During the fourth quarter ending March 31, 2016, 50,000 shares were issued as compensation to the Chief Operations Officer of the Company.

13

ITEM 2. MANAGEMENT’S DISCUSSION AND ANALYSIS OF FINANCIAL CONDITION AND RESULTS OF OPERATIONS.

Forward-Looking Statements and Associated Risks.

The following discussion should be read in conjunction with the financial statements and the notes to those statements included elsewhere in this Quarterly Report on Form 10-Q. This Quarterly Report on Form 10-Q contains certain statements that are forward-looking within the meaning of the Private Securities Litigation Reform Act of 1995. Certain statements contained in the MD&A are forward-looking statements that involve risks and uncertainties. The forward-looking statements are not historical facts, but rather are based on current expectations, estimates, assumptions and projections about our industry, business and future financial results. Our actual results could differ materially from the results contemplated by these forward-looking statements due to a number of factors, including those discussed in other sections of this Quarterly Report on Form 10-Q.

BUSINESS:

GENERAL

The following is a summary of some of the information contained in this Document. Unless the context requires otherwise, references in this document to "Earth Science Tech," "ETST," or the "Company" are to Earth Science Tech, Inc.

DESCRIPTION OF BUSINESS
 
The Company was incorporated under the laws of the State of Nevada on April 23, 2010. The Company is a biotechnology company focused on delivering unique nutraceuticals, bioceuticals and dietary supplements in the areas of health, wellness, sports and alternative medicine, Our products include cannabidiol ("CBD") hemp oil and other dietary supplements. ETST maintains a website at www.earthsciencetech.com.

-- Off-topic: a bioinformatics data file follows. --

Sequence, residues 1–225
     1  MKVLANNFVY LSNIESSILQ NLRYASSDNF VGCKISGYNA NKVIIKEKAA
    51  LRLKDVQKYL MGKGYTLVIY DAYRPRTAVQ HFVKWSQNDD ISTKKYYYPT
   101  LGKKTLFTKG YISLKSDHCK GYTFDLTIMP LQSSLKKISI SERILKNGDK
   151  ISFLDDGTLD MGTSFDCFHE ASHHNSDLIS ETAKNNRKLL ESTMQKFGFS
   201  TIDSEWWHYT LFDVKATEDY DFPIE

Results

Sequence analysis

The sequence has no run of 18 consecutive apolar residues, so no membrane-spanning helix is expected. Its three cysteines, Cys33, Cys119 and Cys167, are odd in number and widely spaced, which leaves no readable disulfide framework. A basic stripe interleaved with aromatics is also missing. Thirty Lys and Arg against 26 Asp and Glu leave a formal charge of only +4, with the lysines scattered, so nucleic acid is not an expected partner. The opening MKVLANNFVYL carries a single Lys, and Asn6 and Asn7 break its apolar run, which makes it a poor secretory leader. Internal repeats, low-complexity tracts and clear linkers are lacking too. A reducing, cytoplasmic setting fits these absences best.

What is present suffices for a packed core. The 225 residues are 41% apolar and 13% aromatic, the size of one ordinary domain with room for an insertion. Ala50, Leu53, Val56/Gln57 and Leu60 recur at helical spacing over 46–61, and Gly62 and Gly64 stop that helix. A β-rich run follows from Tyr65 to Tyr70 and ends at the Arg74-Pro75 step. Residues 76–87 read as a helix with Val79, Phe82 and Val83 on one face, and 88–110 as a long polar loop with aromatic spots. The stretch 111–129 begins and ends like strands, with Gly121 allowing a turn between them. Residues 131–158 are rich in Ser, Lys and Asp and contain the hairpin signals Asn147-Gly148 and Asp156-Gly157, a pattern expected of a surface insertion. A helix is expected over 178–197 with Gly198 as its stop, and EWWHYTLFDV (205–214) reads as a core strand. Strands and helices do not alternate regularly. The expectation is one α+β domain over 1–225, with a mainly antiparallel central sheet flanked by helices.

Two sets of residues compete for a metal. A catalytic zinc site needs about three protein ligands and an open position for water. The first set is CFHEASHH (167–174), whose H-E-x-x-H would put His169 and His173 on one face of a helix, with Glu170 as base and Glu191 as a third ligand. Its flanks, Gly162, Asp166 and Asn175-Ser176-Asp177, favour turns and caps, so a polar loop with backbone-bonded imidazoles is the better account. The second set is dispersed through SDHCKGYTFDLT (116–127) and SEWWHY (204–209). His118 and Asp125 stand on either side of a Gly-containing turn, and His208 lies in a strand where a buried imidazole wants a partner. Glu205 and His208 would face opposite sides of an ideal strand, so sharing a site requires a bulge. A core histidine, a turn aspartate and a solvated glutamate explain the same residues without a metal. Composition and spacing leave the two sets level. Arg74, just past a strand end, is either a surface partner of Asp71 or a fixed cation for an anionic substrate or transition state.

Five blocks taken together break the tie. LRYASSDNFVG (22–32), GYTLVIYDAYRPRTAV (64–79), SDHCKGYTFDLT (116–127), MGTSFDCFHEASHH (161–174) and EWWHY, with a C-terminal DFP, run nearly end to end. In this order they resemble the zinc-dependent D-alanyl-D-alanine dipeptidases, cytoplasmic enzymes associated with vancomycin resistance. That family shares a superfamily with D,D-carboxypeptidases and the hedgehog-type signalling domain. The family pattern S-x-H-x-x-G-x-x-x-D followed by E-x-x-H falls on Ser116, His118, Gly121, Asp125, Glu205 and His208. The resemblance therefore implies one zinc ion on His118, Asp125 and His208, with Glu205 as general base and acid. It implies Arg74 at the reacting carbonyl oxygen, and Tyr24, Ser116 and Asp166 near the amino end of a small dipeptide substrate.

Formerly known as Ultimate Novelty Sports, Inc., we were consultants to health club managers and were providers of services to the athletic facility industry. In our dealings with these industry representatives we found that knowledgeable personnel and natural nutritional and dietary supplements were lacking in the industry. We therefore decided to enlarge our marketing to include nutritional and dietary supplements to these facilities as well as opening stand-alone retail stores offering nutritional products as well as personnel trained to answer any and all questions related to products promoting health and well-being. On March 06, 2014, the Board of Directors approved the name change from Ultimate Novelty Sports, Inc. to Earth Science Tech, Inc. The change in the name of the Company was approved by a majority vote of the shareholders of the Company.
 
Our common stock has been quoted on the OTC Bulletin Board since August 29, 2012, under the symbol “UNOV”. UNOV was Depository Trust Company eligible effective October 4, 2012.

On March 6, 2014, the Board of Directors of Ultimate Novelty Sports, Inc. (the ”Company”) approved the name change from Ultimate Novelty Sports, Inc. to Earth Science Tech, Inc. The change in the name of the Company was approved by a majority vote of the shareholders of the Company.

On May 28, 2014 the Financial Industry Regulatory Authority (“FINRA”) approved the name change of the Company to Earth Science Tech, Inc. as well as the new symbol change from UNOV to ETST.

14

COMPANY OVERVIEW